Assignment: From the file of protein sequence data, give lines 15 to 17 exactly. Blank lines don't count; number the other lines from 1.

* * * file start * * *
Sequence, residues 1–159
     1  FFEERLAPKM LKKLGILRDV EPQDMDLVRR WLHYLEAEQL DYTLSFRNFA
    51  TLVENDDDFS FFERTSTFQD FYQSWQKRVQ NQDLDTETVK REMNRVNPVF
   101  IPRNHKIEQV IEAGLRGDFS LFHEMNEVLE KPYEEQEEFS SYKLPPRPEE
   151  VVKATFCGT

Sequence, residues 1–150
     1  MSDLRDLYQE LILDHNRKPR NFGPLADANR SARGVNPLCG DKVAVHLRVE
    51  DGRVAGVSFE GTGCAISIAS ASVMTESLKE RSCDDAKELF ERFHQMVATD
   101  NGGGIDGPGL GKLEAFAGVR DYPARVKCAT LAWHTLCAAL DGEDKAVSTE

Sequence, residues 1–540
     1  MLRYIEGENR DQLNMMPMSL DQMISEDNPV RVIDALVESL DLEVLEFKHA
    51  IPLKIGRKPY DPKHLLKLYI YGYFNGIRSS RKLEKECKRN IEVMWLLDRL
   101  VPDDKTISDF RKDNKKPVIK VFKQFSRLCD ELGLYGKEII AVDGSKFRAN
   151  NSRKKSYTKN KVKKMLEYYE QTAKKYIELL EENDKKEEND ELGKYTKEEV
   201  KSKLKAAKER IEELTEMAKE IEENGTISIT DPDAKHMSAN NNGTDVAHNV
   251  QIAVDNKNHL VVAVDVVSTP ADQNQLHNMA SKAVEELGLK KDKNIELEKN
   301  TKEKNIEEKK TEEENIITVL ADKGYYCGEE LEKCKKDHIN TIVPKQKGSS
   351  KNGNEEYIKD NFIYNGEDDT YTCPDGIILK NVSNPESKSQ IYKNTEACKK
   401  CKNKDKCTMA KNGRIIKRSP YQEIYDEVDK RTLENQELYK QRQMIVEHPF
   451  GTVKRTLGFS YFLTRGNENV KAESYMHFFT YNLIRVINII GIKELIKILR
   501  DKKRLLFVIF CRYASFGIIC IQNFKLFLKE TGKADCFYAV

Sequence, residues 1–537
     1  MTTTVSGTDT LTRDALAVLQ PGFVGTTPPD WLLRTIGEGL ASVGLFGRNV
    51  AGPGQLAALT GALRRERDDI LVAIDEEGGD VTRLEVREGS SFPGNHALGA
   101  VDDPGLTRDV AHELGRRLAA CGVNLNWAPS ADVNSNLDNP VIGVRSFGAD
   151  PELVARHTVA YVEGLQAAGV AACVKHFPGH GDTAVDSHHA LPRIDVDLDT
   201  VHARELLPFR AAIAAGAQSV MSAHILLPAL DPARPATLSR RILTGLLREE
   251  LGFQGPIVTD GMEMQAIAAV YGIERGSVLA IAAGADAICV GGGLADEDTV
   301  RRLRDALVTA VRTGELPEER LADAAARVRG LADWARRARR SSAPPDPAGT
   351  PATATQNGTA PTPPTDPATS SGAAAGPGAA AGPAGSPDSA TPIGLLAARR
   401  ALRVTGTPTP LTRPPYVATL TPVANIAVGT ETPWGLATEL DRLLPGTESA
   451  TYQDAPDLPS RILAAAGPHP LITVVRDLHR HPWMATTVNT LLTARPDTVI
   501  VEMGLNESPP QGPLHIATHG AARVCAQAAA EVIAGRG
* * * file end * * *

   201  KSKLKAAKER IEELTEMAKE IEENGTISIT DPDAKHMSAN NNGTDVAHNV
   251  QIAVDNKNHL VVAVDVVSTP ADQNQLHNMA SKAVEELGLK KDKNIELEKN
   301  TKEKNIEEKK TEEENIITVL ADKGYYCGEE LEKCKKDHIN TIVPKQKGSS